The late football legend Russell Ebert is being immortalised in a biography written by his teenage grandson to honour the South Australian great.
- Football legend Russell Ebert’s life story is being recorded in a biography to be published in October
- Grandson Albert has taken the lead with contributions from the whole family
- Ebert was made an Australian Football Hall of Fame Legend in 2022
Born in the Riverland town of Berri, Ebert is one of the most celebrated players in South Australian football history and was made an Australian Football Hall of Fame Legend this year, eight months after his death.
The revered sportsman is the only player to have been awarded the Magarey Medal four times, in 1971, 1974, 1976 and 1980 — the South Australian equivalent of the Brownlow medal.
His skill as a player and coach came together when he combined the two roles, taking on the captaincy of Port Adelaide, turning out for a record 392 games.
After his playing career, Ebert went on to coach SANFL sides Port and Woodville-West Torrens, before becoming a respected junior development coach for the state leagues.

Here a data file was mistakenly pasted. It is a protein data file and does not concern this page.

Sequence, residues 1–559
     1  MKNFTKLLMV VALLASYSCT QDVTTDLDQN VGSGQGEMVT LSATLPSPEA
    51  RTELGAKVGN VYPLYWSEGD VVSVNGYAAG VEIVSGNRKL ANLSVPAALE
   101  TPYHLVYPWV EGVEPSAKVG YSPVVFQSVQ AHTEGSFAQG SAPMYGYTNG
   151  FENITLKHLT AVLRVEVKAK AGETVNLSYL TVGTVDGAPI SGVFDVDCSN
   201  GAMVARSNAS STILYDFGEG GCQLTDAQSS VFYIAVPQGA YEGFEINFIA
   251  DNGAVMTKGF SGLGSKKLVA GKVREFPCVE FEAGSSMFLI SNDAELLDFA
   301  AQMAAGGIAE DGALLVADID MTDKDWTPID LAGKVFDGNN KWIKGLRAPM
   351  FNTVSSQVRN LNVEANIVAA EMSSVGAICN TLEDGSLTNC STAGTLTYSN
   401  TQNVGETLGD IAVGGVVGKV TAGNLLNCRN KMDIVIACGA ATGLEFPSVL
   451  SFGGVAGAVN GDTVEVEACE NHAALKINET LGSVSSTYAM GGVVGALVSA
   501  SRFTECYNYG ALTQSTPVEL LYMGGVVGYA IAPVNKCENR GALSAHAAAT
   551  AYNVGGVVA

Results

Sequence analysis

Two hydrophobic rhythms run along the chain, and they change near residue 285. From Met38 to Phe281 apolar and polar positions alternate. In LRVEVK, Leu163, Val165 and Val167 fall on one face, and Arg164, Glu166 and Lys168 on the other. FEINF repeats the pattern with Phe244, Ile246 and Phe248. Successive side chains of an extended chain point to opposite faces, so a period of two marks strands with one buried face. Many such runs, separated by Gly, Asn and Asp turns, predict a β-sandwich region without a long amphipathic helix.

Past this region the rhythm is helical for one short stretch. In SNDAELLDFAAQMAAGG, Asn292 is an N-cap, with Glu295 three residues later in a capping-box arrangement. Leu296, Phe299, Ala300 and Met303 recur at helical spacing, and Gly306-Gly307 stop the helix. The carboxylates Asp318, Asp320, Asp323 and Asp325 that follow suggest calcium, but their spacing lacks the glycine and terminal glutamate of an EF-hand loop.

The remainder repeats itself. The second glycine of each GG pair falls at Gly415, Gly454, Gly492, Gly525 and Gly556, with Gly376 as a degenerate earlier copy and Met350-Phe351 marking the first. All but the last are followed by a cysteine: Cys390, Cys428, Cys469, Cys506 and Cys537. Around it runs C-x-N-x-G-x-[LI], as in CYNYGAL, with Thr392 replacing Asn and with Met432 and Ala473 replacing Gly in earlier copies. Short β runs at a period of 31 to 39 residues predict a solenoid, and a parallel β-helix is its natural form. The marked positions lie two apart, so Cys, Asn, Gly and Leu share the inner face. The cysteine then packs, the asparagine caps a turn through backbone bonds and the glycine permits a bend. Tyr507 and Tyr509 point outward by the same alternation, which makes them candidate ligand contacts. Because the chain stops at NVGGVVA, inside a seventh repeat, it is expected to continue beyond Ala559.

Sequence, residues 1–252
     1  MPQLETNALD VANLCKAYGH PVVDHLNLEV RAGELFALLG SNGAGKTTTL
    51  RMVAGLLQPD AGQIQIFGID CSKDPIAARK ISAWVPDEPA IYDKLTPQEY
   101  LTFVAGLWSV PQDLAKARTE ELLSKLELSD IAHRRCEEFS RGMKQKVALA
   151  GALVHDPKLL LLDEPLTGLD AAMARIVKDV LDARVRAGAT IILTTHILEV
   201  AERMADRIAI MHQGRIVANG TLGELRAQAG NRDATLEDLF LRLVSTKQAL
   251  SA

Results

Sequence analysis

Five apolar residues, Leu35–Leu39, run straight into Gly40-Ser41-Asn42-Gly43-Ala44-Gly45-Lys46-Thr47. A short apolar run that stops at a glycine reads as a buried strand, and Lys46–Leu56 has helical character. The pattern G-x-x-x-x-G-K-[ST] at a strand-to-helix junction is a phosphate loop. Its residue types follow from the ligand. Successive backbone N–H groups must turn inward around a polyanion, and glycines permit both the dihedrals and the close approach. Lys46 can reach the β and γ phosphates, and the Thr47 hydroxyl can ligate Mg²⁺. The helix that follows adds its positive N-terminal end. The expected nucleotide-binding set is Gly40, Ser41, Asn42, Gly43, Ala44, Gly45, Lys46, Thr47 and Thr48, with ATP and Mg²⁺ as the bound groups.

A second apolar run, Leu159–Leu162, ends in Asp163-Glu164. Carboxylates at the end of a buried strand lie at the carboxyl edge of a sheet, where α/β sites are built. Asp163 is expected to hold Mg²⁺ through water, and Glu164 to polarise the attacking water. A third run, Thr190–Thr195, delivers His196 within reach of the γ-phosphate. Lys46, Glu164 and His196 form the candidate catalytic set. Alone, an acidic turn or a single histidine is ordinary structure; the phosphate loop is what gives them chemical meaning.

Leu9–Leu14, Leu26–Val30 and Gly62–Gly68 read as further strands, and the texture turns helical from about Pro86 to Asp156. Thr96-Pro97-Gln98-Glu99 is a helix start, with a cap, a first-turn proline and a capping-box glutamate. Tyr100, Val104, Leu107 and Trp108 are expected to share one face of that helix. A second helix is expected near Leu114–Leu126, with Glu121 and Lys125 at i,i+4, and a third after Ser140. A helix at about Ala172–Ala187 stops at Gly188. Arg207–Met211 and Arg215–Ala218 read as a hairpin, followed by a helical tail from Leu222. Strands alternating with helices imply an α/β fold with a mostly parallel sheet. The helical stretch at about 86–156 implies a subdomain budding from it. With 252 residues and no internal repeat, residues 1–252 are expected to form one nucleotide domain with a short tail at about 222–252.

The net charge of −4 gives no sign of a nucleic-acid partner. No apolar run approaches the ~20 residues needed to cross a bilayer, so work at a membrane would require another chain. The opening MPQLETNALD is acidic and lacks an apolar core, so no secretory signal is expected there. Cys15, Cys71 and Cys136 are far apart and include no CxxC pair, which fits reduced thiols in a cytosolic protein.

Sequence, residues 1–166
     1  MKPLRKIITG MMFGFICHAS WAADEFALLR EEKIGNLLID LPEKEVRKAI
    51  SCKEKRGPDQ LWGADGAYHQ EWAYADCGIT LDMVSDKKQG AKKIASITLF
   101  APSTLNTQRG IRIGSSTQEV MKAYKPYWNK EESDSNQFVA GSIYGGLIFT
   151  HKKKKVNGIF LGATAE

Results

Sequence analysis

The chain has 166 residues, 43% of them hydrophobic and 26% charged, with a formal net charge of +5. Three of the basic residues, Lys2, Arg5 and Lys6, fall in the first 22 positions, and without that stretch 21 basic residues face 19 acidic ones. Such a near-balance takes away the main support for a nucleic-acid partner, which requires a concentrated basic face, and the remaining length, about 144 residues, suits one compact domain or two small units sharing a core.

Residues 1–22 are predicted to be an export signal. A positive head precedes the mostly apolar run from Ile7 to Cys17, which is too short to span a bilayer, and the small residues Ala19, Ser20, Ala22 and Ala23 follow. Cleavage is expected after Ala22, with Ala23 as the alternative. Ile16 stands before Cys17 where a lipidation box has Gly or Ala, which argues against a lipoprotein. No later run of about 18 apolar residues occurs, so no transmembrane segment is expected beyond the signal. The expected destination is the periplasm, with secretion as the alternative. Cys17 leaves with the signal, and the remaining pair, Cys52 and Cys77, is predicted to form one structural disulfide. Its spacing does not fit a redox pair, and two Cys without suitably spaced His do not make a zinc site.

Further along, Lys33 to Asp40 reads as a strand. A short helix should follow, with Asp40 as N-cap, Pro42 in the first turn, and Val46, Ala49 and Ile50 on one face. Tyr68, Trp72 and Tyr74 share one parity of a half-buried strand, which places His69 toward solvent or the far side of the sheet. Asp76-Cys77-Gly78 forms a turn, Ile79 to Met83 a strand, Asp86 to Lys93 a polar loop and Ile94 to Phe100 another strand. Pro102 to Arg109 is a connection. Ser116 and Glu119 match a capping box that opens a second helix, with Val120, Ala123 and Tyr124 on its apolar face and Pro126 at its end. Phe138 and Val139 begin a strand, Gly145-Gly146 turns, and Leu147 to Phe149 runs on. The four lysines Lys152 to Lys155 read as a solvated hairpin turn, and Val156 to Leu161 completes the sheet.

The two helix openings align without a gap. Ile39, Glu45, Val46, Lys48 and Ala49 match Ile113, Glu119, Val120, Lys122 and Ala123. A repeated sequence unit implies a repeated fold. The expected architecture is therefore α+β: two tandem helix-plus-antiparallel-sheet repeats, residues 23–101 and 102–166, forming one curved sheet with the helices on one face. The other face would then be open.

A young Albert Ebert approached his grandfather about capturing the sportsman’s life story in September last year, as a way of keeping a record of his achievements for the family.
“Albert asked us if we’d like to do a chapter, so my mother wanted to do a chapter, then my sister, brother and I did a chapter and piece as well,” Ben Ebert, Albert’s father said.
The family affair soon turned into a bigger project, and deep conversations between the football legend and his grandson led to nothing being off the cards, even his last battle with leukaemia is recorded in the biography.
“The book has just everything … the start, the finish and then the rest,” Ben Ebert said.
After Russell Ebert’s passing in November 2021, author Albert was tasked with filling in the gaps of the legend’s life story, with the assistance of his father Ben.
“We found Russell’s dairies from 83 to 99 when he was coaching. It was cursive writing so Albert stopped for a while because he couldn’t read it,” Ben said.
“I had to pop in and then spent about eight months on it.”
Ben Ebert noted his father shied away from speaking about his accomplishments, but his diaries revealed how much Russell achieved within his life.
“He was running a business, he was doing charity work, running a football team, as a captain and coach,” he said.
“I can imagine him up there shaking his fist at everyone going, ‘Why are you telling everyone all my stuff?’ But I’m sure he would be proud as punch.”
Source: AFL NEWS ABC